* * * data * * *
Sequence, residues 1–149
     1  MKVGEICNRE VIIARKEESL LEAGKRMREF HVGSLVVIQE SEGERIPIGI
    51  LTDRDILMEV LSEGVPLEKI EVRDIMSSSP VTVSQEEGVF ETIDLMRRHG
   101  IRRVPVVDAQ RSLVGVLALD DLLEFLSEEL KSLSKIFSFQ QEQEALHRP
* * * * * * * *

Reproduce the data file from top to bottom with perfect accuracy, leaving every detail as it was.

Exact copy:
Sequence, residues 1–149
     1  MKVGEICNRE VIIARKEESL LEAGKRMREF HVGSLVVIQE SEGERIPIGI
    51  LTDRDILMEV LSEGVPLEKI EVRDIMSSSP VTVSQEEGVF ETIDLMRRHG
   101  IRRVPVVDAQ RSLVGVLALD DLLEFLSEEL KSLSKIFSFQ QEQEALHRP